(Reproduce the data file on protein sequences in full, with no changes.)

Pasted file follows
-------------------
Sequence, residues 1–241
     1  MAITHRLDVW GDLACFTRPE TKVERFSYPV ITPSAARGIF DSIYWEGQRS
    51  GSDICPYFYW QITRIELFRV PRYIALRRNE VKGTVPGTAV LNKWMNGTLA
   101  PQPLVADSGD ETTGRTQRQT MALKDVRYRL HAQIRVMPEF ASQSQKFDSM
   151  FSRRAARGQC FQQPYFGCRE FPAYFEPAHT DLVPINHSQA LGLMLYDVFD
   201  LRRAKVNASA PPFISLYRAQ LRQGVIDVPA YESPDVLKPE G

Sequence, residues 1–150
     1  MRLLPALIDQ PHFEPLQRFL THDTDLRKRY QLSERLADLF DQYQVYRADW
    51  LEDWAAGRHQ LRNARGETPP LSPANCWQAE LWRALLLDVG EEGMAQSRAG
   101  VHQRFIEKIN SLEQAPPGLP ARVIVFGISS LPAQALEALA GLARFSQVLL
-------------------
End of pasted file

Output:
Sequence, residues 1–241
     1  MAITHRLDVW GDLACFTRPE TKVERFSYPV ITPSAARGIF DSIYWEGQRS
    51  GSDICPYFYW QITRIELFRV PRYIALRRNE VKGTVPGTAV LNKWMNGTLA
   101  PQPLVADSGD ETTGRTQRQT MALKDVRYRL HAQIRVMPEF ASQSQKFDSM
   151  FSRRAARGQC FQQPYFGCRE FPAYFEPAHT DLVPINHSQA LGLMLYDVFD
   201  LRRAKVNASA PPFISLYRAQ LRQGVIDVPA YESPDVLKPE G

Sequence, residues 1–150
     1  MRLLPALIDQ PHFEPLQRFL THDTDLRKRY QLSERLADLF DQYQVYRADW
    51  LEDWAAGRHQ LRNARGETPP LSPANCWQAE LWRALLLDVG EEGMAQSRAG
   101  VHQRFIEKIN SLEQAPPGLP ARVIVFGISS LPAQALEALA GLARFSQVLL